The differences remaining between the Bush administration and Congress in the 2007 farm bill could be worked out within the next few weeks, predicts Agriculture Secretary Ed Schafer.
“The farm bill now on the table has a lot to offer,” Schafer said. “It moves us forward in conservation, nutrition, research, specialty crops, and renewable energy. I’m continually optimistic that within the next few weeks we’ll be able to craft a bill that will be workable.”
Speaking to wildlife and natural resources enthusiasts in Phoenix, Ariz. on March 26, Schafer said the Bush administration and Congress have placed numerous ideas on the table during the 2007 farm bill development process. The original USDA farm bill plan supported $4.5 billion in increased spending over the baseline recommendation (the amount if the current law was extended with no changes).
The department has elevated its support to the $10 billion level. Initial Senate and House versions ranged from $15-27 billion, Schafer said.
“We’ve outlined the framework to get us to the $10 billion level in increased spending over baseline which is where the House and Senate seem to be converging,” Schafer said. “We have said new spending must be accompanied by real reforms in farm policy.”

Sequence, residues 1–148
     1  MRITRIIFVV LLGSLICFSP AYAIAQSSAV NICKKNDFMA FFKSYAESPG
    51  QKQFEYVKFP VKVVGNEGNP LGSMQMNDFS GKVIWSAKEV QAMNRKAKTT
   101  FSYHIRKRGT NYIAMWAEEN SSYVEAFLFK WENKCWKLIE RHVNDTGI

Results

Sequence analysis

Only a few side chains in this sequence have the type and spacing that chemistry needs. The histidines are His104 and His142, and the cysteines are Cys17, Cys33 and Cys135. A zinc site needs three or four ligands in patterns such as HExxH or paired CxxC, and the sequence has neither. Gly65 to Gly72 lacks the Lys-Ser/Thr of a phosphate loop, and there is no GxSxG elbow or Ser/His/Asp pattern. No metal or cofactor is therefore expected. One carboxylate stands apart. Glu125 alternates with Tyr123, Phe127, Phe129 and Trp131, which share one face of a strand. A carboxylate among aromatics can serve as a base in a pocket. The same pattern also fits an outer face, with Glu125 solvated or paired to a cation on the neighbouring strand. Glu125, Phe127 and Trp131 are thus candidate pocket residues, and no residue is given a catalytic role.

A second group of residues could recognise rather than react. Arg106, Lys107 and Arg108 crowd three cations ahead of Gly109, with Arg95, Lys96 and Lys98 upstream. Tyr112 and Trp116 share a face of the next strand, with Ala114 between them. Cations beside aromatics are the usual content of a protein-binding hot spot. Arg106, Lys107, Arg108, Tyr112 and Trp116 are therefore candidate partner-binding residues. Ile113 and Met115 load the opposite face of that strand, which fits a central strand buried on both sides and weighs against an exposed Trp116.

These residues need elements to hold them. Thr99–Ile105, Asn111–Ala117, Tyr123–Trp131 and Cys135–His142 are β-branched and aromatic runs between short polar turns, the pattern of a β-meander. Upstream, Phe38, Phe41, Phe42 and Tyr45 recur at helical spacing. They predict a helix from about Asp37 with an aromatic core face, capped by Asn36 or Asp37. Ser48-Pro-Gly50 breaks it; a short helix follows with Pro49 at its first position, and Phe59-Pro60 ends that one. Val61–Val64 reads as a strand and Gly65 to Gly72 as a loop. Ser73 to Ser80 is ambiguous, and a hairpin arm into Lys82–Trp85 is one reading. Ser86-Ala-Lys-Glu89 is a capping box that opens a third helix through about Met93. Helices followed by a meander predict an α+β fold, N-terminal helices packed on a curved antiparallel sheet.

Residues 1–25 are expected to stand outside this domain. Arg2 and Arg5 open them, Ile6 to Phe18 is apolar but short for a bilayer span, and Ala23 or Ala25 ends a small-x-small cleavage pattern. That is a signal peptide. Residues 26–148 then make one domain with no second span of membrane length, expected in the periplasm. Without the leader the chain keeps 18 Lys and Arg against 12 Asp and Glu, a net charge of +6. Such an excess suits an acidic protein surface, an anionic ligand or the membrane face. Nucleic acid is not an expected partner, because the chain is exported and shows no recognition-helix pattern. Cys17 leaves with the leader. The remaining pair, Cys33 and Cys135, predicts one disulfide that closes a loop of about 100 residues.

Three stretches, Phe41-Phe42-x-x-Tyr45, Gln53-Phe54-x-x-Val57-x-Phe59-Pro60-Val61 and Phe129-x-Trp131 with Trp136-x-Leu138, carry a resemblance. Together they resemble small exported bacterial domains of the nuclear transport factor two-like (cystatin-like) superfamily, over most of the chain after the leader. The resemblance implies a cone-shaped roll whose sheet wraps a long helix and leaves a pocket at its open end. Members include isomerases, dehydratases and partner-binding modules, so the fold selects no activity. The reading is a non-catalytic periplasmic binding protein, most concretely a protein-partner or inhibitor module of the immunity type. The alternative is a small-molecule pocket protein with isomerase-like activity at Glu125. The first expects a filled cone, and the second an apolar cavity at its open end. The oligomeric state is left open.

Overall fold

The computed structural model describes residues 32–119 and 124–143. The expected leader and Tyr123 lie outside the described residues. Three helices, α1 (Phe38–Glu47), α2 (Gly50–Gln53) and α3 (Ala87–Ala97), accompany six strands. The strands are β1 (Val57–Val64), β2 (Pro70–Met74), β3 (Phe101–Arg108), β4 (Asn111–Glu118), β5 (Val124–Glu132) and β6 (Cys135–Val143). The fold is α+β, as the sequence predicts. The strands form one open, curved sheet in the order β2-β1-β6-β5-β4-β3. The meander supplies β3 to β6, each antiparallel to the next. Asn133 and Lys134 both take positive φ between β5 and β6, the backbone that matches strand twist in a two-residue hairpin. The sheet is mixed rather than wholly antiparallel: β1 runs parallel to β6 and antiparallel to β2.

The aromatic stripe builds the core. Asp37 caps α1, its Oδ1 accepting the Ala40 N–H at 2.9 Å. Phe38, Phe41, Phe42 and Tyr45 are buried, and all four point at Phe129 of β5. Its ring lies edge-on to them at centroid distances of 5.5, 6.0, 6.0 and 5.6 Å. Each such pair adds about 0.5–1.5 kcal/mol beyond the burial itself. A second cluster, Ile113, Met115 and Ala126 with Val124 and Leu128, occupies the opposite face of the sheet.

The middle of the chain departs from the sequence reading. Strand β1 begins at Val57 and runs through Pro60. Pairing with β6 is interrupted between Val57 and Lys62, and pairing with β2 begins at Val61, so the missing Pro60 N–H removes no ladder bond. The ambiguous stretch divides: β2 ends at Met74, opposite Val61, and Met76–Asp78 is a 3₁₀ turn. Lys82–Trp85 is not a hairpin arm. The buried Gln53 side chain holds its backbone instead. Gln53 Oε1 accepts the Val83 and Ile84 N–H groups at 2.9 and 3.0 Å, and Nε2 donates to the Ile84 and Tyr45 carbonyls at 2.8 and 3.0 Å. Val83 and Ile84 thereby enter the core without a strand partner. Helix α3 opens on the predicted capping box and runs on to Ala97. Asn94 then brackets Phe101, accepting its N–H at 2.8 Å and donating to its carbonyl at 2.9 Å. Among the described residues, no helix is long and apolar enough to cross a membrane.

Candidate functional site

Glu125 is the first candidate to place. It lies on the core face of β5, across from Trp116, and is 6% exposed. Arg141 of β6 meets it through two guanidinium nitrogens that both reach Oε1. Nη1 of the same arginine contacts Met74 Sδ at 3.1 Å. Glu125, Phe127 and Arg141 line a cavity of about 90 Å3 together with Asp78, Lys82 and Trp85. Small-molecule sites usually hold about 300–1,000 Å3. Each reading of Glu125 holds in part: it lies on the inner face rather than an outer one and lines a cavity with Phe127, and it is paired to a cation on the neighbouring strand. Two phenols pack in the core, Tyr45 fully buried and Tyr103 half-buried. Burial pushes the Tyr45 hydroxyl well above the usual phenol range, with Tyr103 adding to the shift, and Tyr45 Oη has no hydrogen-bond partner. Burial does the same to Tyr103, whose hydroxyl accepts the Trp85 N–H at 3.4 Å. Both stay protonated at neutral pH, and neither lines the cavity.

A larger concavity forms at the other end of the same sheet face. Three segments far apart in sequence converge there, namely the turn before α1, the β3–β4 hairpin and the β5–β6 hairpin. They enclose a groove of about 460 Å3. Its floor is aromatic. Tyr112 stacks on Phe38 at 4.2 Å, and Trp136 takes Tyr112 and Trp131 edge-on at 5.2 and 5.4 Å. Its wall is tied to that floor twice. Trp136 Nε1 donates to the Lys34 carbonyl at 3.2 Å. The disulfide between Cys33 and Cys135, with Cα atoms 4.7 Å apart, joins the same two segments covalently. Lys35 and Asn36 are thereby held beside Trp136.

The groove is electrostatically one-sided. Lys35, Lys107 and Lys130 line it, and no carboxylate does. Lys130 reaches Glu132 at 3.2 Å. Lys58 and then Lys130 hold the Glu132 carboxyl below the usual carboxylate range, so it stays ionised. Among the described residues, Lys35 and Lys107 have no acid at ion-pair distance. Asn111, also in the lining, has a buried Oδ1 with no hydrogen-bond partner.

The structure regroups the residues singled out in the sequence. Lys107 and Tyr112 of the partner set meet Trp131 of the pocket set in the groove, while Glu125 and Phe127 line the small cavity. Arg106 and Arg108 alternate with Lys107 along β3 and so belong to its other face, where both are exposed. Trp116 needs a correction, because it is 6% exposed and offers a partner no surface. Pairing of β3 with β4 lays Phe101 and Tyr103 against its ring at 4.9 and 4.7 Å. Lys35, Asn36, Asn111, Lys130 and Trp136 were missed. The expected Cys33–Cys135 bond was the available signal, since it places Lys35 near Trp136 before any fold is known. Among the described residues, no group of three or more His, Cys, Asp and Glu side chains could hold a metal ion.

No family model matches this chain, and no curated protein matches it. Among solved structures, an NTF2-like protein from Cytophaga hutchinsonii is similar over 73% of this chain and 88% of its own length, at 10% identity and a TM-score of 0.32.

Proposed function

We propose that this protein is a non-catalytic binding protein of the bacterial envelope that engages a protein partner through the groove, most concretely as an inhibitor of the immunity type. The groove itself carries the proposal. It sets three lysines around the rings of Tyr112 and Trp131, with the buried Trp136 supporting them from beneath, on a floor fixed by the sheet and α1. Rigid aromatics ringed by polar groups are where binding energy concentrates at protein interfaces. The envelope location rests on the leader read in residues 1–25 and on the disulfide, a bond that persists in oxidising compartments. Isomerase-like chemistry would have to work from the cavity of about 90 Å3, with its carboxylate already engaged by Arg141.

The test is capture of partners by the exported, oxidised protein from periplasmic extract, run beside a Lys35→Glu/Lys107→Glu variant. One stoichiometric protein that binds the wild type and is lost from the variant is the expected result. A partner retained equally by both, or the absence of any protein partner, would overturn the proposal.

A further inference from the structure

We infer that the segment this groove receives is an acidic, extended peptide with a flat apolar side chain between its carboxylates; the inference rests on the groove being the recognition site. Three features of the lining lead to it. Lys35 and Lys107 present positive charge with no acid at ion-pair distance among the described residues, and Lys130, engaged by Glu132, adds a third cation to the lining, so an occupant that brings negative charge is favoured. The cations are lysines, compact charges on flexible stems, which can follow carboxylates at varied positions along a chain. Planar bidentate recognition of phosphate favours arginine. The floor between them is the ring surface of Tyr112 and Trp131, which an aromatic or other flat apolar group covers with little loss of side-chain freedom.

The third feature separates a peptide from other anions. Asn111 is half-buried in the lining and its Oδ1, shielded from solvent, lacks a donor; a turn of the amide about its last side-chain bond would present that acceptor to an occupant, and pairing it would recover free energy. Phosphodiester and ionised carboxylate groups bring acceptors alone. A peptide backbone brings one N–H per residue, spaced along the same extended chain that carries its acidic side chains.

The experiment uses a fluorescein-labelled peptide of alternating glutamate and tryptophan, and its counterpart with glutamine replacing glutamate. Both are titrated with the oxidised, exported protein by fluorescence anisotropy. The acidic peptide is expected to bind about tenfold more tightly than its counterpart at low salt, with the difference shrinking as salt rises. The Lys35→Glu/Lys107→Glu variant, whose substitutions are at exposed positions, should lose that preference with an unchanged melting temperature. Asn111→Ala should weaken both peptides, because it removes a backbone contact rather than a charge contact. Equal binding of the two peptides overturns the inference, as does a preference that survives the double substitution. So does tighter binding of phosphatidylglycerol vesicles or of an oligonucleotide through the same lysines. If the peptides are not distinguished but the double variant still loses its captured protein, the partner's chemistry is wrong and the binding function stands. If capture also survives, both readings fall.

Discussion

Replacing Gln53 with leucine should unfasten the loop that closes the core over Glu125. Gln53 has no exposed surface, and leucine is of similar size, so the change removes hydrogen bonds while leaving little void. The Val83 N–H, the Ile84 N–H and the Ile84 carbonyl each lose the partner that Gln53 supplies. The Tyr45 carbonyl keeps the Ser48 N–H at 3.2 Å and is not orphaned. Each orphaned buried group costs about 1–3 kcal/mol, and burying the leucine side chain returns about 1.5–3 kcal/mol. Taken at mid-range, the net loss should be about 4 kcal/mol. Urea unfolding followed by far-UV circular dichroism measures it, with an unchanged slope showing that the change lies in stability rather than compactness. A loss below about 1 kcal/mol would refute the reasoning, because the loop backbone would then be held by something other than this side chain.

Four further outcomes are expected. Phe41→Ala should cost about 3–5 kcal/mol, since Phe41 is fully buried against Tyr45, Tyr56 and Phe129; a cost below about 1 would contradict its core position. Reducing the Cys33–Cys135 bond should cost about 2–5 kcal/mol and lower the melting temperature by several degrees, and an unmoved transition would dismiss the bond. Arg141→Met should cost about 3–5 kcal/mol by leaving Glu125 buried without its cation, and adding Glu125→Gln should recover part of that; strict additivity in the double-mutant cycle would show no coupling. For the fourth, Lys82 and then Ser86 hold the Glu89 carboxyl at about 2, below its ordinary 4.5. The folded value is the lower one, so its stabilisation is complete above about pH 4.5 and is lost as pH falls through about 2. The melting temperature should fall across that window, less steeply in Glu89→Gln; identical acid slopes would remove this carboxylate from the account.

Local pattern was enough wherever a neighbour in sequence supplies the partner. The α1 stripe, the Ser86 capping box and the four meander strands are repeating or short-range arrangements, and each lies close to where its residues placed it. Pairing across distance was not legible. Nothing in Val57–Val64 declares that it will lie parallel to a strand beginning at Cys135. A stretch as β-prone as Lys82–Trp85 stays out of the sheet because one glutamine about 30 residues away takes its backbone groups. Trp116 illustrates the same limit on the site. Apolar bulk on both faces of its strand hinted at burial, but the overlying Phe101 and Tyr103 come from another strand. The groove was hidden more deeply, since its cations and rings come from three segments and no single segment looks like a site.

Congress has extended the current 2002 farm law until April 18. Schafer voiced clear opposition to an additional extension — vowing the administration’s commitment to work with Congress to iron out a “forward-looking farm bill” that improves the current law.
“Producers need a firm idea of what farm policy is going to be to make planting and financial decisions and commitments,” Schafer said. “The continued uncertainty isn’t helping anyone. Leaving the old bill on the table under an extension or two is not good policy for this country.”
The USDA’s goal is delivering a farm bill to President Bush that achieves real reforms in farm policy, strengthens the safety net for producers, and keeps the door open to continued growth in trade without imposing new taxes, the secretary said.
“The bill that meets that criteria is one that President Bush will be proud to sign into law this year,” Schafer said.
Schafer delivered his remarks to the 73rd North American Wildlife and Natural Resources Conference. He said his acceptance of the USDA’s top post almost two months ago was partly based on the agency’s commitment to conservation.
Schafer lauded the USDA’s conservation reserve enhancement and conservation reserve programs, both administered by the agency’s Farm Service Agency, plus the USDA’s Natural Resources Conservation Service and U.S. Forest Service. He called the 193 million acres under Forest Service management “one of our nation’s greatest treasures.”
Continued conservation funding is an integral provision in the 2007 farm proposals. The USDA plan includes $7.8 billion in new spending on conservation, the largest increase in the entire farm bill, Schafer noted. The House and Senate versions also include substantial conservation increases.
The ag secretary commended the House and Senate for including a biomass reserve program in its farm bill packages to encourage farmers to begin cultivating sustainable energy crops for conversion later into cellulosic fuels.